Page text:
A voting-rights lawsuit challenging the legality of a quartet of Arkansas election changes passed by lawmakers this year must be dismissed because there is no evidence the new laws will harm voters, state lawyers assert in a response to the month-old litigation.
Plaintiffs Arkansas United, an immigrant-advocacy group, and The League of Women Voters of Arkansas, a voter-education organization, argue the four laws targeted by the suit must be struck down as illegal, claiming they are really intended to keep poor and minority-group residents away from the ballot box or at least restrict their access to voting.
They have further called on Pulaski County Circuit Judge Wendell Griffen to bar election officials from implementing the measures.
The laws at issue are Act 249, involving voter identification; Act 728, regulating campaigning around the polls during voting; Act 736, affecting how ballots are validated; and Act 973, which sets deadlines for mail-in absentee ballots.
The laws' defenders say the measures are necessary to strengthen election integrity and improve public confidence in the system. The General Assembly passed 24 laws related to election operations this year.
Over the weekend, Republican Attorney General Leslie Rutledge filed her response to the suit on behalf of the state, outlining a four-point argument for Griffen to dismiss the lawsuit.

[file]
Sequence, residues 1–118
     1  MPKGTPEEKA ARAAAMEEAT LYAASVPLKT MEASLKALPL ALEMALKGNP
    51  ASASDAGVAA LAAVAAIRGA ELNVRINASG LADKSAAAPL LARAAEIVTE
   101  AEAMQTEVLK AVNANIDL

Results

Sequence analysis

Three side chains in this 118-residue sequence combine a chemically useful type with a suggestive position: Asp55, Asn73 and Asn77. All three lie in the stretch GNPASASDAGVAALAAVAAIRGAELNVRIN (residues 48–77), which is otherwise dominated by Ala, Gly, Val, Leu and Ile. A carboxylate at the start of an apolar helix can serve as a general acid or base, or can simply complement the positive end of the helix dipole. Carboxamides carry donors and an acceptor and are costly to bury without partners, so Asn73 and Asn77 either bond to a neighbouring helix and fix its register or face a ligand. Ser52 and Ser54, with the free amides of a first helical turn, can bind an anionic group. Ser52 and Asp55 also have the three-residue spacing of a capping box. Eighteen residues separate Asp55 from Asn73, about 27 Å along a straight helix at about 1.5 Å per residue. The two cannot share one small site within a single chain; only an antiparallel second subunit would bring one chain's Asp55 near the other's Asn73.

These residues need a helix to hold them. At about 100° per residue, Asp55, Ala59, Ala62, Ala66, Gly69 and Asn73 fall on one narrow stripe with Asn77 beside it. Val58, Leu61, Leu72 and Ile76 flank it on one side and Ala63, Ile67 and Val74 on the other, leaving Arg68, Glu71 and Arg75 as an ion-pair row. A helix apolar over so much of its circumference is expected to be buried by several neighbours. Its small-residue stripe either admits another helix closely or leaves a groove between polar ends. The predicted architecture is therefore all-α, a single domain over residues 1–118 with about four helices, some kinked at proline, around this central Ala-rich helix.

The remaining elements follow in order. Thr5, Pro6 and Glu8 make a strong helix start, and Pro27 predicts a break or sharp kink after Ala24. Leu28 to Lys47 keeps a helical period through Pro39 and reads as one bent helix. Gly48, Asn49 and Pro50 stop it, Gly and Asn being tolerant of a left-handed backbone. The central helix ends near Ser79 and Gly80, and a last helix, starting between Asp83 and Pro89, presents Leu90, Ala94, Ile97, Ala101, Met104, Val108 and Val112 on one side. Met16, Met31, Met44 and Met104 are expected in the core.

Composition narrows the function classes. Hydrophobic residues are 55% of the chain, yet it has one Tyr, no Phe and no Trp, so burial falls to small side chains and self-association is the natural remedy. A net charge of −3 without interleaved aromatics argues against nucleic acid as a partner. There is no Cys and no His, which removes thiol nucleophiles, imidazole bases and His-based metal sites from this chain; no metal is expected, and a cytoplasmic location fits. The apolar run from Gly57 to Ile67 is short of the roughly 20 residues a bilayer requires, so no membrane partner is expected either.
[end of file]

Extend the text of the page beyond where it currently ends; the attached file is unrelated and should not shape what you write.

Rutledge's first argument is that neither of the plaintiff groups have standing to sue because they can't show they've been harmed by the new laws because the organizations are not persons to whom the challenged laws would apply. Claims that the laws will injure voters are without evidence, the attorney general's dismissal motion states.
"Their fears are speculative," Rutledge states in the 25-page response, written by Assistant Attorney General Michael Mosley.
Secondly, the state lawyers argue the suit should be dismissed because the litigation is going after the wrong defendants, Secretary of State John Thurston and the state Board of Election Commissioners. The actual defendants should be each county's election commission because those county boards are the only ones who have the authority to directly administer elections, the Rutledge pleading states.
Rutledge further disputes that the litigation can meet the standard set by the Arkansas Supreme Court to successfully challenge the constitutionality of a law.
To prove the laws are illegal, the plaintiffs must prove the laws have no "rational basis," but Arkansas courts have held for more than 20 years that Arkansas "indisputably has a compelling interest in preserving the integrity of its election process," the filing states, quoting a 2006 decision by the state's highest court involving voter-identification laws. Strengthening election integrity and preventing fraud are sufficient reasons to justify the law, Rutledge asserts.
Rutledge also asserts sovereign immunity prohibits the litigation from succeeding because state courts are barred by the Arkansas constitution from controlling state operations, except in narrow circumstances that involve proven illegal activity by state actors.